you just don’t see the flooding. You don’t see that problem. You’ll have high wind, right? You’ll have roofs pulling off. You’ll have that kind
of stuff happening. But they’ve got
hurricane shutters, and all those things
are put in place. I lived in Orlando where we had
three hurricanes crisscross. And sure, we were without
power, but I didn’t see hardly any flooding at all. I saw little pockets in
an underground garage in the apartment
complex where I lived. There was a little bit
of water that came in, but I’m talking a massive
hurricane came through, and the flooding was
kind of nonexistent. I lived near a golf
course, and the rain just sort of dissipated and
went into the sandy soil and was channeled away. That’s totally different than
what we’re seeing in Houston, where this water
has no place to go. And now, it’s just sitting
there like a contaminated, toxic soup– really, really sad situation. So, let’s talk a
little bit about what’s going to happen now in Houston. The really troubling thing
is that there was already a contractor
shortage in Houston. People, they didn’t have the
hammers being swung around that they should have had. So there was already a shortage
of contractors in that area to just even do
new construction, and build new stuff,
or renovate properties. So now here’s the
major problem– that all of these apartments
have been destroyed. All of these rental properties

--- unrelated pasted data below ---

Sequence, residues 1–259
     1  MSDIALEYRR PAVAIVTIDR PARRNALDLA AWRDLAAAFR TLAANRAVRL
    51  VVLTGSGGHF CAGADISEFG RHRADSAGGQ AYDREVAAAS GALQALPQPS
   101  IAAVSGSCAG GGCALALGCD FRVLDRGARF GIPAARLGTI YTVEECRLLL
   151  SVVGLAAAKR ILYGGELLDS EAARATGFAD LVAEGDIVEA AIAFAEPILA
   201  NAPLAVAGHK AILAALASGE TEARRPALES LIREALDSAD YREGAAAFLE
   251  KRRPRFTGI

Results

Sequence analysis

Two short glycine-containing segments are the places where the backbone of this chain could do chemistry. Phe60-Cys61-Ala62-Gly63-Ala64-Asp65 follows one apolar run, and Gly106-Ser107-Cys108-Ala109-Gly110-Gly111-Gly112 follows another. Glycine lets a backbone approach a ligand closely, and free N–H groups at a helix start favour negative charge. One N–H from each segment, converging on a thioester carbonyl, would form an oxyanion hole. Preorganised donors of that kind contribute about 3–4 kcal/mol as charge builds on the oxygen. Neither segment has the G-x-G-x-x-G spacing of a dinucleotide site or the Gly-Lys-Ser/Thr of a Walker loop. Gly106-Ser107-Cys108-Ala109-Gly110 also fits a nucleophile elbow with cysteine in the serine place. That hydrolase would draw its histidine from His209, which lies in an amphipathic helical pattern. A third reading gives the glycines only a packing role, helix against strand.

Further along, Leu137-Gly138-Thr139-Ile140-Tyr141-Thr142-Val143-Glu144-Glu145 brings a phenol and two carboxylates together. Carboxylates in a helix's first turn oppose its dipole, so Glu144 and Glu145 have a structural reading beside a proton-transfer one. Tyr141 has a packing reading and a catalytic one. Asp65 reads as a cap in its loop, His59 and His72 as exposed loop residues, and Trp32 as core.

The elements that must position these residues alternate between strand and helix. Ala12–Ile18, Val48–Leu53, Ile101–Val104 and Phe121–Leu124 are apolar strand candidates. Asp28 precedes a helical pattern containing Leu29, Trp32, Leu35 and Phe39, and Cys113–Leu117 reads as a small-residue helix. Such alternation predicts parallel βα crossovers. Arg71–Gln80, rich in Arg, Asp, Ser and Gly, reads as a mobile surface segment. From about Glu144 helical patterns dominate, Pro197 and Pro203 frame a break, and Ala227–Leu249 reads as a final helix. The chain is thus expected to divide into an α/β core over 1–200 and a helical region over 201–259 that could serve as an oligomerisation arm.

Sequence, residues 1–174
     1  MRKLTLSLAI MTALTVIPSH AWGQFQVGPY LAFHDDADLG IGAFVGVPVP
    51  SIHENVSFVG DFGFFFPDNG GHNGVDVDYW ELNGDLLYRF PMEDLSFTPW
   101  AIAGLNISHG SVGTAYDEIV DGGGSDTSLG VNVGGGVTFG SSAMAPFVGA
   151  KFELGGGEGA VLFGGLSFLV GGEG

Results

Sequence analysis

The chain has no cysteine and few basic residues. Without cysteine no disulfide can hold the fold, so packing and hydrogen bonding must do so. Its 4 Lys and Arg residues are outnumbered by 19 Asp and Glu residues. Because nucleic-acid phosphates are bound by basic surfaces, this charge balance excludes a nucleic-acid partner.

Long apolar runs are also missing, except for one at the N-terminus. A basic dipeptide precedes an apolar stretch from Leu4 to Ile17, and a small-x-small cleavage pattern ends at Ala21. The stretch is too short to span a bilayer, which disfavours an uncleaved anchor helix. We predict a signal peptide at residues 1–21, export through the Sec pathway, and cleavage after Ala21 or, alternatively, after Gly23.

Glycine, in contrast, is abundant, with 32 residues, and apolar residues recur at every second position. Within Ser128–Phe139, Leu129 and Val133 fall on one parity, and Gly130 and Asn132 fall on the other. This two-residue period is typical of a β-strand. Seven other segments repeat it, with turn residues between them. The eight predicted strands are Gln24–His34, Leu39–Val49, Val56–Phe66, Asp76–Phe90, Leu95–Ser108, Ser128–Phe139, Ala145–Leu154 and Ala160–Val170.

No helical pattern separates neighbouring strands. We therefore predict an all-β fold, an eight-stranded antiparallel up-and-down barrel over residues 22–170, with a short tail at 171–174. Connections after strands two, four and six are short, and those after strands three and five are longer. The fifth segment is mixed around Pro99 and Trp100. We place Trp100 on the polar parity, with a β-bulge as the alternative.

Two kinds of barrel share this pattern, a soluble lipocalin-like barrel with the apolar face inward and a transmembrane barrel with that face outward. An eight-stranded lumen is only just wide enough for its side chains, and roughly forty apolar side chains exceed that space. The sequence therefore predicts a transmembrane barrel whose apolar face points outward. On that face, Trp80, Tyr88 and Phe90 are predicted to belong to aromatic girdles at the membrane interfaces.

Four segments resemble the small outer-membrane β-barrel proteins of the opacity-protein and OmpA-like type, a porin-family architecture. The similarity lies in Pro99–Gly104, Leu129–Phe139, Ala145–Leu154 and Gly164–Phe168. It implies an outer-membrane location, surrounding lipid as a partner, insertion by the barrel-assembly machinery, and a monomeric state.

have been destroyed. There’s no place
for new contractors to come in from out of town. Where are they going to stay? Where are they going to sleep? So how is the federal
government– and I asked this question
of the general– how is this going to happen? How are you going to
even get contractors to come in from other cities in
order to help rebuild Houston? And the fact of the
matter is, they’re not. So a lot of these
homes are going to have to be
leveled, destroyed. The federal government may
have to come in and try to either lift them up,
and spend a lot of money to try to lift up these
properties, or just level them. Because you’re not
going to be able to find the contractors to come in
and do all of this work. So right now, there’s
been a shortage. We’re not going to be able to
get all of this stuff back up and running. Many people there didn’t
even have insurance. And this is the other big rub– that if a quarter of Houston’s
real estate got hit by Harvey, I think 90% or 85% of folks
did not have flood insurance. So that’s a huge problem. And they didn’t have insurance,
period, which is unbelievable. So what is flood insurance? And, again, I don’t want
to go into all the details about flood insurance. But why this is so tricky is